The Municipal Structures Amendment Bill is based on the recommendations of the Independent Electoral Commission (IEC) and DCoG to strengthen oversight and governance in municipalities. The National Assembly debated the Bill on 25 February 2019 and referred it to the NCOP. The Bill was revived by the NCOP on 17 October 2019 after conducting its own extensive participation processes. The Bill was debated on 2 December 2020 and was referred back to the National Assembly with amendments.
Customary Initiation Bill (CIB) [B7D-2018]:briefing on NCOP amendments
Director-General at the Department of Traditional Affairs (DTA), Mr Mashwahle Diphofa, introduced the delegation from the Department.
Dr Renaldi Bester, DTA Chief Director: Legislation, made a presentation to the Committee. The customary practice of initiation has been subject to abuse and has resulted in the death of initiates or caused serious bodily harm due to ineffective regulation of initiation schools. National and provincial laws to address initiation exists, but lack application. It was noted that there is no national law which deals with initiation comprehensively. The CIB aims to protect, promote and regulate initiation and ensure it takes place in a controlled and safe environment to protect life and prevent any abuse.
The CIB consists of 5 Chapters.
Chapter 1 deals with general matters such as definitions, interpretation, application of the Bill. It is important to note that the Bill will apply to all initiates, male and female irrespective of their age. The Bill has prohibitions which refer to names registered in the National Child Protection Register and the National Register for Sex Offenders. Any person listed in these registers may not be involved in initiation under any circumstances.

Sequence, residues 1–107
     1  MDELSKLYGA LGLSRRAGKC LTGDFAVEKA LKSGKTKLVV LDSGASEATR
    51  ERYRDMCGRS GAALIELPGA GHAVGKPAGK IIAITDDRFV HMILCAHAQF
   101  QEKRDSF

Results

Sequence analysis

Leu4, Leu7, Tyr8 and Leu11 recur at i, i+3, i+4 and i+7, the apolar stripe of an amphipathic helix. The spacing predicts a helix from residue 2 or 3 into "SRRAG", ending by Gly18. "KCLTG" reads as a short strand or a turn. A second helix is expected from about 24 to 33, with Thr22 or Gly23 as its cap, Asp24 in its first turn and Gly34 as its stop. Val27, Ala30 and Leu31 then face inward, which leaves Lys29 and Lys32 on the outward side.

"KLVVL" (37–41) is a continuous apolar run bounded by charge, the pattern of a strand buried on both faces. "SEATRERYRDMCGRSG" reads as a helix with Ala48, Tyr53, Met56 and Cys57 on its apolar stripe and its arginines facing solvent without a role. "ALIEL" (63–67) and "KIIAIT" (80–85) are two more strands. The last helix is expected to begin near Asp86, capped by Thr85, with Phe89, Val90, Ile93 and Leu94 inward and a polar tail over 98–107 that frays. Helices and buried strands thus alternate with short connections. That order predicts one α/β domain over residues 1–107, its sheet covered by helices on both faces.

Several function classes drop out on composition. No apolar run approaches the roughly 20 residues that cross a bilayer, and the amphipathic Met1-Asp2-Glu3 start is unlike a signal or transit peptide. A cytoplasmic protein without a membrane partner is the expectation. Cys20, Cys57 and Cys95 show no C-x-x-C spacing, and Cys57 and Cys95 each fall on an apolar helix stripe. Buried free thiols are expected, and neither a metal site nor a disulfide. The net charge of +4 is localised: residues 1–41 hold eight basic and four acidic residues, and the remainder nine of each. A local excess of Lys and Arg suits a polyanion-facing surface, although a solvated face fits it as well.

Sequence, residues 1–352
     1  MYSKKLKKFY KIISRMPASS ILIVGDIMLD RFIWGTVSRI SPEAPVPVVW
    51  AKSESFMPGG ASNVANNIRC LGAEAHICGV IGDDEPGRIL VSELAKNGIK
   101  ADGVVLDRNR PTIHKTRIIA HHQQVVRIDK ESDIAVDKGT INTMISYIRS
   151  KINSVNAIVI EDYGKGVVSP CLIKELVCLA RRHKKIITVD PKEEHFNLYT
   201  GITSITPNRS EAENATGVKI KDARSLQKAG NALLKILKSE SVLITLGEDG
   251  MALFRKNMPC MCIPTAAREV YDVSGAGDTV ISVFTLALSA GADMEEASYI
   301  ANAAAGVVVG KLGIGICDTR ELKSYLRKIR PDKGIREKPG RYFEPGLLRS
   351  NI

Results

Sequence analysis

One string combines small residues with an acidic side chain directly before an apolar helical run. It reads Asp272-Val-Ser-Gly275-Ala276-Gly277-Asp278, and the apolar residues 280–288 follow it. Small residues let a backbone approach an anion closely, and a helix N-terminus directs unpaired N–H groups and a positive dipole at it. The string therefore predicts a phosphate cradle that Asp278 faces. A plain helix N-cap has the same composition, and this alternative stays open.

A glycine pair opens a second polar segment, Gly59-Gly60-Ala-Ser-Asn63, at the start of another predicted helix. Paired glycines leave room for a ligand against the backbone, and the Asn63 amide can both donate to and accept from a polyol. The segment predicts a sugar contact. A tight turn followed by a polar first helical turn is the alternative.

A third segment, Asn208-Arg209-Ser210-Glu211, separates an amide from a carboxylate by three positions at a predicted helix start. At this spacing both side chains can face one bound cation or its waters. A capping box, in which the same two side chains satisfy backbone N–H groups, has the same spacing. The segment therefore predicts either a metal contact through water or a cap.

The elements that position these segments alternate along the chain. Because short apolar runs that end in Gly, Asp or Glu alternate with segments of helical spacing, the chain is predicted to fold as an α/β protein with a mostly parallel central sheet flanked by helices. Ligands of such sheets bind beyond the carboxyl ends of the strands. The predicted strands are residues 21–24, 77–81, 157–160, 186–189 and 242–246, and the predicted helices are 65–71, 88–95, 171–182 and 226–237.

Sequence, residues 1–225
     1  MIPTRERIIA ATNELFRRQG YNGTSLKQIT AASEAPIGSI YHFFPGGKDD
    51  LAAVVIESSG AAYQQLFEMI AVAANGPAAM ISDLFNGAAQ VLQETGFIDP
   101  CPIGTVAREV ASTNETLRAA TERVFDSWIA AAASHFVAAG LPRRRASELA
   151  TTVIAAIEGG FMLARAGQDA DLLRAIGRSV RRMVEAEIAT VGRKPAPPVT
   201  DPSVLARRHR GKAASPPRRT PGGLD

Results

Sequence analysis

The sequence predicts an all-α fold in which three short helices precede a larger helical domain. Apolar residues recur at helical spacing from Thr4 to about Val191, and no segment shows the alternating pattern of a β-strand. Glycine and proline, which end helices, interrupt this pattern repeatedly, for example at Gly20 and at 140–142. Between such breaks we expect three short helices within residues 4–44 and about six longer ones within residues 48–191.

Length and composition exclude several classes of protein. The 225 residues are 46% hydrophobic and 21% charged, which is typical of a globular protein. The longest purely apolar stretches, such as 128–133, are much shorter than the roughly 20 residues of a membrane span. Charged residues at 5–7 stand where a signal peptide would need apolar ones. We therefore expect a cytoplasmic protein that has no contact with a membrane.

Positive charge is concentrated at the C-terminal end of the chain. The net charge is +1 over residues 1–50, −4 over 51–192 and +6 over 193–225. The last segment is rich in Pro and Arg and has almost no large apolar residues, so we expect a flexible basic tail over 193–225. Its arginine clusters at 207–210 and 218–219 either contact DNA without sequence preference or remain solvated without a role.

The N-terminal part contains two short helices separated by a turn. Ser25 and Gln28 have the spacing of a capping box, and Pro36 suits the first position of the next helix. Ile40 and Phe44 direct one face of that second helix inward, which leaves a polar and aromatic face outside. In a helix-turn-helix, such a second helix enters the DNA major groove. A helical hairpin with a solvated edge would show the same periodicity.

Chapter 2 deals with oversight and coordinating structures. Provision is made for a National Initiation Oversight Committee with 13 persons. Traditional leaders remain the custodians of these customary practices and will remain responsible for this. Other representatives are from the CRL Rights Commission, Department of Traditional Affairs, South African Police Service, Department of Health, Department of Women, Youth and Persons with Disabilities, Department of Sports, Arts and Culture, National Prosecuting Authority, Interim Traditional Health Practitioners Council and if necessary, the Minister may appoint two experts in anthropology/customs or customary law.
An initiation hotline will be established.
Provision is made for Provincial Initiation Coordinating Committees (PICCs) consisting of nine or 11 members such as in the seven provinces with recognised provincial houses of traditional leaders and in those provinces where there is none or no recognised traditional leaders such as the Western Cape. Gauteng has no provincial house, but there are recognised traditional leaders.
The PICC will represent traditional leaders, provincial government, municipalities, emergency services and traditional health practitioners of the province. They will consider applications to hold initiation schools, register schools, develop requirements for schools, close schools not complying and conduct investigations. Traditional surgeons must be registered as an interim measure.
Chapter 3 deals with the roles, responsibilities and functions of role players such as government, houses of traditional leaders and Khoi-San leaders, traditional leaders, principals and care-givers, parents and guardians of initiates, traditional surgeons, medical practitioners, SAPS and the NPA.